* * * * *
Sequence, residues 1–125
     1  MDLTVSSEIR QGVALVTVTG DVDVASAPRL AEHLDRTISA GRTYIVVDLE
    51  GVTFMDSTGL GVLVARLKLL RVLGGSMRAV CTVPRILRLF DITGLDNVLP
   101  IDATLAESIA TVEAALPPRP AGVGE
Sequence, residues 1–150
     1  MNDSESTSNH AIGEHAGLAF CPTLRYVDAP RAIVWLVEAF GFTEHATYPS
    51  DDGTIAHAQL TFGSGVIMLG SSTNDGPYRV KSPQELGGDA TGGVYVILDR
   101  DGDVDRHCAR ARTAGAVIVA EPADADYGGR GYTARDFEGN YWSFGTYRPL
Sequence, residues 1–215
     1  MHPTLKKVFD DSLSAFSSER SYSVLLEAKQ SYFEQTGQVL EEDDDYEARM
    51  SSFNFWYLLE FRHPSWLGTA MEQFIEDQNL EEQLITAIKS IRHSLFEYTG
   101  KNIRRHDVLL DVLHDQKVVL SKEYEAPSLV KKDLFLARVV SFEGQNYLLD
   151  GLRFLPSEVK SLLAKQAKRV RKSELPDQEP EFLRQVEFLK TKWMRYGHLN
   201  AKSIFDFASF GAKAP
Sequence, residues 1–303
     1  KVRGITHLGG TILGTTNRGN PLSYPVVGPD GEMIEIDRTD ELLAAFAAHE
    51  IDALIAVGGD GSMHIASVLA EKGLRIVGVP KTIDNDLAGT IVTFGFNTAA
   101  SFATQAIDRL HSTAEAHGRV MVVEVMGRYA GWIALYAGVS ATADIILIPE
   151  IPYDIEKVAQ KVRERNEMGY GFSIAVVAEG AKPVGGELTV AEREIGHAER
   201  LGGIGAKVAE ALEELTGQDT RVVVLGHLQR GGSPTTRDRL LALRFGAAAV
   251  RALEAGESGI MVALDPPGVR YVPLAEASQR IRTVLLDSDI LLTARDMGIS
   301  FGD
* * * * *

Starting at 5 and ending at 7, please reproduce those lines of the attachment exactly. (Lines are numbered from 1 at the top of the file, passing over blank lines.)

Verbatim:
Sequence, residues 1–150
     1  MNDSESTSNH AIGEHAGLAF CPTLRYVDAP RAIVWLVEAF GFTEHATYPS
    51  DDGTIAHAQL TFGSGVIMLG SSTNDGPYRV KSPQELGGDA TGGVYVILDR